Co-written by Sam Graham-Felsen.

Of all of the disastrous hallmarks of the Bush presidency, Bush’s darkest legacy in the long run may be his unmitigated assault on the environment and his deliberate campaign to cover up the immediate threat of global warming.

The Bush Administration has undermined the Environmental Protection Agency, appointed corporate cronies in the oil industry to critical environmental posts, and muzzled top scientists from warning the public about the imminent climate crisis. It was no exaggeration when Al Gore said “George W. Bush has by all odds been by far the worst president for the environment in the entire history of the United States of America — bar none.”

Yet, Bush’s actions have brought the environmental movement closer together than ever before, as activists have redoubled their efforts to combat Bush’s relentless assault on the planet. On Earth Day 2006, we salute those who took part in the top five environmental victories of the past year.

Saving ANWR: In what the Sierra Club called an “against-all-odds victory for wildlife, wild places and all Americans,” the Senate rejected Sen Ted Stevens’ (R-AK) attempt to attach provisions to the Defense Appropriations Bill last December that would have opened up the Arctic National Wildlife Refuge to drilling for oil. And weeks ago, the House Budget Committee also refused to appropriate funds for ANWR drilling in the FY2007 budget. Thanks to overwhelming pressure from environmental advocates, one of our nation’s most pristine natural refuges remains safe from corporate poachers.

Governors Embrace Apollo: In July, The Apollo Alliance, one of the best progressive ideas of the millennium, gained some important new supporters. Six new Democratic governors–Rod Blagojevich (IL), Jim Doyle (WI), Christine Gregoire (WA), Ted Kulongoski (OR), Janet Napolitano (AZ), and Brian Schweitzer (MT)–joined an earlier trio–Jennifer Granholm (MI), Ed Rendel (PA), and Bill Richardson (NM)–in embracing the Alliance’s goal of achieving sustainable American energy independence within a decade. The nine governors are all leaders in state-based efforts at energy efficiency and increased use of renewables, the core twin planks of the Apollo program. That program calls for a national investment of $300 billion over the course of ten years to build the basic production and distribution infrastructure needed for a cleaner energy economy.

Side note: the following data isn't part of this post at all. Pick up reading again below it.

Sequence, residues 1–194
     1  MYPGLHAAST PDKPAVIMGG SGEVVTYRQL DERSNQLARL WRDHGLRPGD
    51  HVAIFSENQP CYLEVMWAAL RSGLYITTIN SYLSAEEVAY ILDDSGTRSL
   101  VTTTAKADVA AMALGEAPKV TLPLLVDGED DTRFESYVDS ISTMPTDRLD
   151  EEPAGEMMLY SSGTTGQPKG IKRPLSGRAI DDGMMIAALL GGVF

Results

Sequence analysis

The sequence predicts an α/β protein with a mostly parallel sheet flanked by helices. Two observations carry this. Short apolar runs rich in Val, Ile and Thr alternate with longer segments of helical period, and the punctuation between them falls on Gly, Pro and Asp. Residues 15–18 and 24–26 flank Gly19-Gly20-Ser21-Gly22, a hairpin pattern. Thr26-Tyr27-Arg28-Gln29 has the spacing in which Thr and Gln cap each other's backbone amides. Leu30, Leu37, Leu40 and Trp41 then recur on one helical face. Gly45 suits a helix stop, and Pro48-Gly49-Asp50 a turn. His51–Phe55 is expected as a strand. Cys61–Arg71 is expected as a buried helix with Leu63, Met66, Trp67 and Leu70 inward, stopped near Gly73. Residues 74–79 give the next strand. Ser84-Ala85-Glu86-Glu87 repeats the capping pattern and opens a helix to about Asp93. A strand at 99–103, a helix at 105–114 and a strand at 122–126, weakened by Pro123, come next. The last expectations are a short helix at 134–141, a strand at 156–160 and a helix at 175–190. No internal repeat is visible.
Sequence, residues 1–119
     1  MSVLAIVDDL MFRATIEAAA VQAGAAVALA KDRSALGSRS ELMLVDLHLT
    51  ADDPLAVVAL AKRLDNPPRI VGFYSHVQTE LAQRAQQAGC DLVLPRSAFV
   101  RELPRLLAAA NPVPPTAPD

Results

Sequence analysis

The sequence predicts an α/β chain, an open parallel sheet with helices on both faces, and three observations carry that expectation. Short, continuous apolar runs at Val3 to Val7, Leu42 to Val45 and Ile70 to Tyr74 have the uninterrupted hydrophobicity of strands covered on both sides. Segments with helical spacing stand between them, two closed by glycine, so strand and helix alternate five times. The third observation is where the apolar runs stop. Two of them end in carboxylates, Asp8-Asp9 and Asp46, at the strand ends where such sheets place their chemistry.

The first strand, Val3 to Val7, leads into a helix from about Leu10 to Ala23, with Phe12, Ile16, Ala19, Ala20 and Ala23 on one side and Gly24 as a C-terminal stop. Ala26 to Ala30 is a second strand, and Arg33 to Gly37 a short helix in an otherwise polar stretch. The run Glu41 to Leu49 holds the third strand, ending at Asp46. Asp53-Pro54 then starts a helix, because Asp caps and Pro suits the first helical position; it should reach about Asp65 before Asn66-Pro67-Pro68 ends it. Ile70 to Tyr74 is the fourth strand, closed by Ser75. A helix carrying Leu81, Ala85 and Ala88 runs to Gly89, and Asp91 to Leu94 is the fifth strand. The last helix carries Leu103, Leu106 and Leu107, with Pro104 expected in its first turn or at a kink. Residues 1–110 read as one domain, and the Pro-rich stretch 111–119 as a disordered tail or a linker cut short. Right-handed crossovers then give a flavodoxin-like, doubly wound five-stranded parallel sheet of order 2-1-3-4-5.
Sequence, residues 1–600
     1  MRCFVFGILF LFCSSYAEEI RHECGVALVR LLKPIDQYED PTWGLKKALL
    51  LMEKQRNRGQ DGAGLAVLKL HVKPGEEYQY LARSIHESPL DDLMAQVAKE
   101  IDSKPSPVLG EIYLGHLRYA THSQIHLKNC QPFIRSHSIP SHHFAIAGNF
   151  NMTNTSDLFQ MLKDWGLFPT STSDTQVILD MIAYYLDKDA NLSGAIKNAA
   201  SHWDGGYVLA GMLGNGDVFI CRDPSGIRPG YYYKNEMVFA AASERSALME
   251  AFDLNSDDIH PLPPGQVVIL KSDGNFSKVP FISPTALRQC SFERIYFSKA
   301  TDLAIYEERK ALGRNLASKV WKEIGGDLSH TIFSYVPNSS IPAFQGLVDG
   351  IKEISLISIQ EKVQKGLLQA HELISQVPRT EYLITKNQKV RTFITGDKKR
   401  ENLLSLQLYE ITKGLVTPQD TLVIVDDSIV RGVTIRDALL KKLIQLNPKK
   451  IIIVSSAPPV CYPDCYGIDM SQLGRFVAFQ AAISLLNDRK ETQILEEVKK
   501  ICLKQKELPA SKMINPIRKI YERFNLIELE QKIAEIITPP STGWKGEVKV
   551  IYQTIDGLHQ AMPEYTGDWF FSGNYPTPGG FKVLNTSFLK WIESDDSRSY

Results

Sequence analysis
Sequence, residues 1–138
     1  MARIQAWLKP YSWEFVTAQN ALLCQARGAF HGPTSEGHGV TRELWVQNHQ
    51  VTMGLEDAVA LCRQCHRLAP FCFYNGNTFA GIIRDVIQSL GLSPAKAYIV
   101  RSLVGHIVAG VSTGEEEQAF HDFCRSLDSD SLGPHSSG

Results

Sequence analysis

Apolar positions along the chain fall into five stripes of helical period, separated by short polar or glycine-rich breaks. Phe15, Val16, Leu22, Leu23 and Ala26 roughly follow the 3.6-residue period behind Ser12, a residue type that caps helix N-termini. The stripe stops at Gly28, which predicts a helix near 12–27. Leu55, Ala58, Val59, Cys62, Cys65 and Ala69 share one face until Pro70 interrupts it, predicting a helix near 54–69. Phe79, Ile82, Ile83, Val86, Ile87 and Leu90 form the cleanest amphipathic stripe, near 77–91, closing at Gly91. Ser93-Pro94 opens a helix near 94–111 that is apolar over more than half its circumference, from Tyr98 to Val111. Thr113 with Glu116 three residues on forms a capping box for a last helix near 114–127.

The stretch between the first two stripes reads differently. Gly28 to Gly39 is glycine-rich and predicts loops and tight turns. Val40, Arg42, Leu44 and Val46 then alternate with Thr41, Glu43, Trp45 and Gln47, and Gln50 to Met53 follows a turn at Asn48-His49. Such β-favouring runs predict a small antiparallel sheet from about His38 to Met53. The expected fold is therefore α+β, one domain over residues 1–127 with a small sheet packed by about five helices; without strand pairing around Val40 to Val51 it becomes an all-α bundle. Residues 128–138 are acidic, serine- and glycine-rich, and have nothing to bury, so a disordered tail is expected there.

Cleaning Up Mercury Pollution: While Bush’s EPA has deregulated controls on mercury emissions–making it easier for power plants to emit this deeply harmful chemical into the environment–several states have strengthened anti-mercury laws. Gov Rod Blagojevich of Illinois announced a proposal to reduce mercury emissions by 90 percent, and weeks later, Gov Jennifer Granholm of Michigan followed suit. Massachusetts’ legislature just passed legislation that would prevent mercury pollution in household items such as thermostats, automobiles, fluorescent lights and electrical switches. And Idaho just passed a two-year moratorium on the building or operating of mercury-emitting coal-fired power plants.

Mayors Say Yes to Kyoto: We remain one of only two major industrialized nations that have not signed the Kyoto Protocol. Yet America’s mayors are letting the world know that they stand with the global community–not Bush–on Kyoto. So far, 220 mayors, frustrated with federal environmental inaction, have created their own Kyoto-complying standards, investing in cleaner vehicles, cutting dependence on oil, and promoting efficient and renewable energy projects. Check out Cool Cities for more info on this growing movement.

Clean Cars Movement Rolls On: Last year, Clean Car legislation–requiring the reduction of harmful auto emissions–was adopted in California and now eight other states have followed suit. These states combined cover a full third of the car and SUV market in the US.

Honor Roll: Madison Gas and Electric Co. of Wiconsin decided to stop burning coal at the state’s dirtiest coal-fired power plant and switched to renewable energy. Gov Tom Kaine of Virginia rebuffed a proposal that would have opened up the state’s beautiful coastline to offshore drilling. Atlanta’s Development Authority greenlighted an innovative new public transportation plan for a beltline connecting the entirety of Atlanta’s downtown and surrounding the line with green space for walking, jogging, biking, and public enjoyment.

Thanks to our friends at NRDC and the Sierra Club for their nominations!


Sam Graham-Felsen, a freelance journalist and documentary filmmaker, contributes to The Nation’s new blog, The Notion, and co-writes Sweet Victories with Katrina vanden Heuvel.


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